Looking down at the face he carries, Papay feels a kind of reverence. It’s an amazing thing, he thinks, what some people will do for others—to give them a heart or a liver, even a face. He says a silent prayer of thanks and takes the face to its next life.

We are members of an exclusive group: animals that recognize their own faces in a mirror. Besides us, great apes, Asian Elephants Eurasian magpies, and bottlenose  dolphins are the only other animals known to recognize themselves. Dolphins as young as seven months will pose, twirl, and put their eye right up against the mirror to stare at their faces. Only humans are known to express dismay when looking at their reflections.

As we scrutinize our own faces for wrinkles and flaws, we can fail to notice what a marvelous organ the face is. Our faces are the most distinctive part of our visible body, a mysterious mosaic of the physical and the psychical. Faces are the body’s workaholics: They confer and confirm identity, express emotion, communicate meaning, perform basic functions necessary for life, and enable us to experience the world through our senses.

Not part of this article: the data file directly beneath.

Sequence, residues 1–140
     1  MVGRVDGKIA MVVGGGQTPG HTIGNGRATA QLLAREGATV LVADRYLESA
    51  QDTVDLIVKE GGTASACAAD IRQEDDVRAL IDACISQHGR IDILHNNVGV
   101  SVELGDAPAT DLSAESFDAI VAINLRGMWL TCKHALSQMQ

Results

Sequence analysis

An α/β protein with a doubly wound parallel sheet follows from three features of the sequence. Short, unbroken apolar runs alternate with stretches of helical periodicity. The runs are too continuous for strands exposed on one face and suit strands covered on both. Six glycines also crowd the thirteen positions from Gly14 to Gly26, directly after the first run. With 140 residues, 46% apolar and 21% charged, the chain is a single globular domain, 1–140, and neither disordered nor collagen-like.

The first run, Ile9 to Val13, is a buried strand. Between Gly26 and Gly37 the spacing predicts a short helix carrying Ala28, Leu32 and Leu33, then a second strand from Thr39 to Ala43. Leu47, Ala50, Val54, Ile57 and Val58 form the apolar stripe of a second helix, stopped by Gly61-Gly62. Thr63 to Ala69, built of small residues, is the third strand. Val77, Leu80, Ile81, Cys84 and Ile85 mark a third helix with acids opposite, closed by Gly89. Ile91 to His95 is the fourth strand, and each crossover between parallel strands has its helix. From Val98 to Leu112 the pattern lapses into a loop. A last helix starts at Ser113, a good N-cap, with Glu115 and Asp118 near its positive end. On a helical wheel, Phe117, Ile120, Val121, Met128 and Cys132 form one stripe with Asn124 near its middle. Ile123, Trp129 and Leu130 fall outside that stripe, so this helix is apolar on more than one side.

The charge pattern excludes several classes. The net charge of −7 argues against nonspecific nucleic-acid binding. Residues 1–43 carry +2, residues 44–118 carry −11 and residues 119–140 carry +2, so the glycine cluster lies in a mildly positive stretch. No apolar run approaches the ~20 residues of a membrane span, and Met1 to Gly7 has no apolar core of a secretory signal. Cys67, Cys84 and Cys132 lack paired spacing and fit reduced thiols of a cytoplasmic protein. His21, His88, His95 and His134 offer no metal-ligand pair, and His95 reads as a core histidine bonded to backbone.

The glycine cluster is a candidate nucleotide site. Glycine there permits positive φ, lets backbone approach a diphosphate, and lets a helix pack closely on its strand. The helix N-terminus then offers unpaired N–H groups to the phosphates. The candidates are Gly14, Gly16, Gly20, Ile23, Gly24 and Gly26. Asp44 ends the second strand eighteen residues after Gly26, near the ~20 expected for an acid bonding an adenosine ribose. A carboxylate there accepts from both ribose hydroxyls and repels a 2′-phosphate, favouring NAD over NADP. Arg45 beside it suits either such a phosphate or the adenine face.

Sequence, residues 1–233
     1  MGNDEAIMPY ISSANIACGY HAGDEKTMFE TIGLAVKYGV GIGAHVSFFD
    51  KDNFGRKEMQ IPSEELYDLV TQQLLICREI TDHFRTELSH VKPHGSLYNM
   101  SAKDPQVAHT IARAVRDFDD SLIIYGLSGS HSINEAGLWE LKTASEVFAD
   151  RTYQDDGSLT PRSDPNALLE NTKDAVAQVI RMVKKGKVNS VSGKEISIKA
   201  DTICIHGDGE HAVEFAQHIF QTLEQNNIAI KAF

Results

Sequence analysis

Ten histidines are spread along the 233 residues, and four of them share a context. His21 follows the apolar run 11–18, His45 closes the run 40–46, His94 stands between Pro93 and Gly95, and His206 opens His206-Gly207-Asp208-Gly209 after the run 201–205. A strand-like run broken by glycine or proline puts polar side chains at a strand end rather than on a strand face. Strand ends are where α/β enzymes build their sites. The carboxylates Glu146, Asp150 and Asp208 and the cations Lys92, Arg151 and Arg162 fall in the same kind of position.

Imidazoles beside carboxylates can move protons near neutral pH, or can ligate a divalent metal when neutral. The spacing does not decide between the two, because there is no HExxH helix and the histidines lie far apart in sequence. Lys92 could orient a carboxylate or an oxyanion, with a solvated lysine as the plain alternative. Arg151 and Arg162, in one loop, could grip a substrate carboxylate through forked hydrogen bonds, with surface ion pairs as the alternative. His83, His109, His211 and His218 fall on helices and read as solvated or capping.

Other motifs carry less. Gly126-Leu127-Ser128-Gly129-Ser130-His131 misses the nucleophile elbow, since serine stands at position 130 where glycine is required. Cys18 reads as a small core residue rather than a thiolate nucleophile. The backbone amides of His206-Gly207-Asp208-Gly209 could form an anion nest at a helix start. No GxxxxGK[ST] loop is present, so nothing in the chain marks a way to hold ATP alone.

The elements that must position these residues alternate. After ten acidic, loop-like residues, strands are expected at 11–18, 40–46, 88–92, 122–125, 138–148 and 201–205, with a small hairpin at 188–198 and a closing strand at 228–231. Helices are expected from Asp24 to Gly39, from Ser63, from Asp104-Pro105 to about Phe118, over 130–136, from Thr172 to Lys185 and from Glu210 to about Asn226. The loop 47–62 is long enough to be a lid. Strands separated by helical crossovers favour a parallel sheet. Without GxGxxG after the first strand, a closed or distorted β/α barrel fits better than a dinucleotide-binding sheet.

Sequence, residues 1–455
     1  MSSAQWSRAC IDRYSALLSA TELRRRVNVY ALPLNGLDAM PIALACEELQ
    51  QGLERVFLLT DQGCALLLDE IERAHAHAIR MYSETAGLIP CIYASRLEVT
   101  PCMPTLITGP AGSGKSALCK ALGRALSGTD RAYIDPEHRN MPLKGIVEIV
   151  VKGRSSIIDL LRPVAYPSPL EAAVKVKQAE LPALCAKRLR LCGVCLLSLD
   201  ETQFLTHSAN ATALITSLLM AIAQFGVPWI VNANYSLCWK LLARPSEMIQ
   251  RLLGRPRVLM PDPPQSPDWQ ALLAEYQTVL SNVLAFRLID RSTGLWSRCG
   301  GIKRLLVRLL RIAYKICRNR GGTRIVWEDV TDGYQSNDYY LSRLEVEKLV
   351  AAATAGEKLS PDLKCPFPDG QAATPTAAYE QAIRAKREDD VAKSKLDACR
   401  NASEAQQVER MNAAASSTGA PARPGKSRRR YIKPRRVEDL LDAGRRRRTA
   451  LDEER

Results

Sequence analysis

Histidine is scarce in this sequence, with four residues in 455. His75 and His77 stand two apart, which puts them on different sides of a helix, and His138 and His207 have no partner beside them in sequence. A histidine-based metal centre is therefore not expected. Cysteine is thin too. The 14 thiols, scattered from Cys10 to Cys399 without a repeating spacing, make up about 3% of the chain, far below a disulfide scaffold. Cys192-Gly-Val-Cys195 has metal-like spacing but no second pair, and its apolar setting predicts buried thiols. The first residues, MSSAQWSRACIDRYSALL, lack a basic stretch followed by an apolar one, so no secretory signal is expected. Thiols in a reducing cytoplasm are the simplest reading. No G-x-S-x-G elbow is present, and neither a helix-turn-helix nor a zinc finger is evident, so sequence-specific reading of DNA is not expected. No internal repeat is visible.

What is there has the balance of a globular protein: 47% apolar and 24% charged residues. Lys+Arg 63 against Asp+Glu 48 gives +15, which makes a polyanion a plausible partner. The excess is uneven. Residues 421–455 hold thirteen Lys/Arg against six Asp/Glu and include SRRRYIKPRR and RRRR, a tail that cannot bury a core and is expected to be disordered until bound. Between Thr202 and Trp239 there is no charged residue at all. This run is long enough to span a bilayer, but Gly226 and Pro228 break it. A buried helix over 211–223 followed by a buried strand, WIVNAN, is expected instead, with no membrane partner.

We are born seeking faces. Newborns turn toward them during their first moments out of the womb. Babies observe, respond to, and mimic our expressions as though it’s their job. And in a way, it is. This close study of faces is the way we all begin to understand the curious business of being human. Faces, in evolutionary terms, helped us become social animals.